Chrissy Taylor from Melbourne's western suburbs says 11 year old son Bradley has Dyslexia...

Chrissy Taylor from Melbourne's western suburbs says 11 year old son Bradley has Dyslexia but she had a lot of trouble getting any extra assistance from the school for him. Like many concerned parents, Chrissy has bought and paid for expensive assessments of her son's learning difficulties.

"We went through an assessment process that cost us $600 and I have looked into what programs the department of education has for dyslexic kids but the school really hasn't provided us with any extra support or resources.

"Bradley has an Individual Learning Plan but he has fallen behind and needs extra assistance," said Chrissy.

"I have thought about moving back to New Zealand because there just seems to be so much more help available for dyslexic kids over there than there is here in Australia."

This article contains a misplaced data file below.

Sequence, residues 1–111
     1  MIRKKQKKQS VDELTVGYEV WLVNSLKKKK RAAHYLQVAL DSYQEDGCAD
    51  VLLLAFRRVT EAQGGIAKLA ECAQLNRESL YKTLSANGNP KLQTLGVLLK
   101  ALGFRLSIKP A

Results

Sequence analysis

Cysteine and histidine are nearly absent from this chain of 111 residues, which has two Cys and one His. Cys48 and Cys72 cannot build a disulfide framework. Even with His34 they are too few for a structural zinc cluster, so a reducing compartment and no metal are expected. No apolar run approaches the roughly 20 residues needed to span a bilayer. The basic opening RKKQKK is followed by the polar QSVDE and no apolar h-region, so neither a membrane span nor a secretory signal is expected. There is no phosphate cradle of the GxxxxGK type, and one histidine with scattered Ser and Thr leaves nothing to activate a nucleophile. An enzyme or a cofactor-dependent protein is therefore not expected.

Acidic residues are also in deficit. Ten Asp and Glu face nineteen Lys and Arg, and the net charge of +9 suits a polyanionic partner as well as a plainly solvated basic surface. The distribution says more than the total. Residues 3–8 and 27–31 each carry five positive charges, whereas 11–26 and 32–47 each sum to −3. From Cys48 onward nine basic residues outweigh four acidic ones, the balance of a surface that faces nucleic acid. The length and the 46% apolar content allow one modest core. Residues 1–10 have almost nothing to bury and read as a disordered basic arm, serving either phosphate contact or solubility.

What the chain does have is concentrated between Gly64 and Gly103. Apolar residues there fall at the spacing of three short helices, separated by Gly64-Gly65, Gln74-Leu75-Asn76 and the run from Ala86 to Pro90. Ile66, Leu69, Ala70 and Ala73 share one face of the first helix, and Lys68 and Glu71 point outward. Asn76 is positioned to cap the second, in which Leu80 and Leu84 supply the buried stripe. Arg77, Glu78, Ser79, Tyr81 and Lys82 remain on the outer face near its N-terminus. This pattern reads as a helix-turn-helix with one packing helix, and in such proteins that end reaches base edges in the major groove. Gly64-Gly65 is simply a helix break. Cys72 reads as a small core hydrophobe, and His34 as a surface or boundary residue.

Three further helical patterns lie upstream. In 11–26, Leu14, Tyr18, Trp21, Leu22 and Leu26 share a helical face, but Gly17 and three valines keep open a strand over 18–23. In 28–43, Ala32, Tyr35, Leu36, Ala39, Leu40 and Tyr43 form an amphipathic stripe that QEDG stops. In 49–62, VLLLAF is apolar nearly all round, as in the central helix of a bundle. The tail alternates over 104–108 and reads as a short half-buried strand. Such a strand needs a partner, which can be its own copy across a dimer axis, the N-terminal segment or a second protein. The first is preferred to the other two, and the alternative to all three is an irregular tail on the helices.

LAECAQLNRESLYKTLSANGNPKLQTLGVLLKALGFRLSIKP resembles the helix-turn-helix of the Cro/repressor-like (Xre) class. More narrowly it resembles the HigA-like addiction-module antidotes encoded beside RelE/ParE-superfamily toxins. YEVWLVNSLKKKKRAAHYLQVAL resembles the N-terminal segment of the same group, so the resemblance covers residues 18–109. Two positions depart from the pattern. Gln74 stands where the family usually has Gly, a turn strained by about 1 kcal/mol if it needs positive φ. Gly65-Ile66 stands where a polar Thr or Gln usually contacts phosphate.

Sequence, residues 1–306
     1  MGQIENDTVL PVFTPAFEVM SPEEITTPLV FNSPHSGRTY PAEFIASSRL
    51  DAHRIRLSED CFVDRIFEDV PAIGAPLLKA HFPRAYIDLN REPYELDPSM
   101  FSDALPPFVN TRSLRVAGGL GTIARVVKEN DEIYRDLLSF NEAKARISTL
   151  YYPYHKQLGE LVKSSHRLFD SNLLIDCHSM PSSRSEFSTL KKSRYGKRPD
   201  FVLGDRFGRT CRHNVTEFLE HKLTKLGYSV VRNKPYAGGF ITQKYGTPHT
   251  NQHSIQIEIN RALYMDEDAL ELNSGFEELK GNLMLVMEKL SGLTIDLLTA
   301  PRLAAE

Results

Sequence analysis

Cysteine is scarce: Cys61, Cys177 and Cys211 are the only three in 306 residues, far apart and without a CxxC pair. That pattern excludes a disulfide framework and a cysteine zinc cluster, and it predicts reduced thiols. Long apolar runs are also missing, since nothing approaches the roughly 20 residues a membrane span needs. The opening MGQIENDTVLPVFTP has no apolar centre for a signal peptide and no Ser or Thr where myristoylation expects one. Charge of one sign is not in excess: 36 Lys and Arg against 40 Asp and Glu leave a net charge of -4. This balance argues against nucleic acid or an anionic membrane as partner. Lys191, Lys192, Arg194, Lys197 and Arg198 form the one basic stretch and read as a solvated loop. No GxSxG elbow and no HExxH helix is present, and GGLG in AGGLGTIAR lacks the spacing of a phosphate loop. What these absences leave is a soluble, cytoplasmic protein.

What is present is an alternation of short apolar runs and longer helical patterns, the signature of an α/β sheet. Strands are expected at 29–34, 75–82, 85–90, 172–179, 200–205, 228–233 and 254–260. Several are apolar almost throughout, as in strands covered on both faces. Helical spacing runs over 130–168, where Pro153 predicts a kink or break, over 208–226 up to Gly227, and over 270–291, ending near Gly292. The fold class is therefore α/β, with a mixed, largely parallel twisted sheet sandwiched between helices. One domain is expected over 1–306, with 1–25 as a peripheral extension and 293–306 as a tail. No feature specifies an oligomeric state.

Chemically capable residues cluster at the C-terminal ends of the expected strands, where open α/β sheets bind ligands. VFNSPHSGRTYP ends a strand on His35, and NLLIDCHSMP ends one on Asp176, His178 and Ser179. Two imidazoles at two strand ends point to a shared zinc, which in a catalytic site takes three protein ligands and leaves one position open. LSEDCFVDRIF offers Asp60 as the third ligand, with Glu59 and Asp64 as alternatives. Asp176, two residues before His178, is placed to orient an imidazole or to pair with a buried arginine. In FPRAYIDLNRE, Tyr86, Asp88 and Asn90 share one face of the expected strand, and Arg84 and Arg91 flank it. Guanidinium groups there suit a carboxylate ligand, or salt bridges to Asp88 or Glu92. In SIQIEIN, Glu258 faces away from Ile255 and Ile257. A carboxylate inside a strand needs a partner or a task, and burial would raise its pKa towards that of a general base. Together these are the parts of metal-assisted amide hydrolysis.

There is no Medicare or Centrelink recognition of Dyslexia

"There is no Medicare or Centrelink recognition of Dyslexia" Jodi Clements, president of the Australian Dyslexia Association (ADA) told The Port Stephens Examiner last week. The Examiner ran a story about local single mum Kelly Oldham's financial struggles to provide support for her dyslexic daughter Ella. Kelly also suffers from dyslexia, which can be inherited, but was not diagnosed until later in her own school years.

"Parents have spent up to $2000 on testing with no real answers and no school assistance," said Jodi Clements.